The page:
The Fed survey found many areas of strength and for the first time this year, the report did not see a need to qualify growth by using words like "modest" and "moderate."
The Fed said that business executives remain optimistic about the prospects for growth in 2015. The gains in economic activity were coming as overall inflation remained subdued although the report did find upward wage pressures for some skilled workers.
The report, known as the Beige Book for the colour of its cover, will form the basis for discussion at the Fed's final policy-making meeting of the year on Dec. 16-17.
The comments in the report suggest the Fed will leave a key short-term interest rate at a record low for the time being. The rate has been near zero since December 2008. Many private economists believe that the economy will be growing strongly enough and unemployment will be low enough that the central bank will begin raising rates in the middle of 2015.
Much of the optimism reflected reports of solid consumer spending, which the Fed said reflected in part the fact that gasoline prices have fallen, giving households more money to spend on other items. In addition, an early cold spell in parts of the country spurred sales of winter clothing.
The report said auto sales were particularly strong in the Richmond, Atlanta, Chicago and San Francisco districts with lower gas prices boosting sales of SUVs and light trucks in the Philadelphia, Cleveland and Chicago districts.
Manufacturing showed gains in most districts with the automotive and aerospace industries continuing to be sources of strength. Steel production was up in the Cleveland, Chicago and San Francisco districts while manufacturers of heavy machinery in the Chicago district reported improvements in sales of construction machinery but continued weakness in demand for farm and mining equipment.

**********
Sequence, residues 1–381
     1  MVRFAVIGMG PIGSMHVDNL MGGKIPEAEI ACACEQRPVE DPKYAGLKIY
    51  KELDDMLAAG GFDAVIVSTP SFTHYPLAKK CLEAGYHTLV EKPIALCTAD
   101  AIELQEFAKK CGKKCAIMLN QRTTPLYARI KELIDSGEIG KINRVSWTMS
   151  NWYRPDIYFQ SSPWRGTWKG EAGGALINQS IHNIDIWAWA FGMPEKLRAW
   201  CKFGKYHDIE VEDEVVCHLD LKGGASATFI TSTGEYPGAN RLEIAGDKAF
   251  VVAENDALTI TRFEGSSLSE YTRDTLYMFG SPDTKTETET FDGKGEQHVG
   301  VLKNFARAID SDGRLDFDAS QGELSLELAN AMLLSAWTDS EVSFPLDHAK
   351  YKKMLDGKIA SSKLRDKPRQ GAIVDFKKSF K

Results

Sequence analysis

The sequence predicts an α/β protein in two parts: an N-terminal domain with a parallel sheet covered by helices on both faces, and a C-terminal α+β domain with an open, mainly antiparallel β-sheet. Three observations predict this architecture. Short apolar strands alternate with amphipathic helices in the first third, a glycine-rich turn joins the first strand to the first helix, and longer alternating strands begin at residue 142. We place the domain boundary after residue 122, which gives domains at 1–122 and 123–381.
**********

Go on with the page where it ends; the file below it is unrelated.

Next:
High-tech manufacturers in the Boston, Dallas and San Francisco districts reported steady growth in demand with revenue from biotech industries increasing in the San Francisco district.
Home construction was mixed with only about half of the districts reporting increases in home sales. Construction of non-residential projects was up in most districts, however, with office building relatively strong in large urban areas such as New York City and Philadelphia.
Employment gains were widespread across the country in October and November with Boston reporting increases in the software and information technology sectors while New York found financial firms, which suffered heavy layoffs following the 2008 financial crisis, were hiring more workers.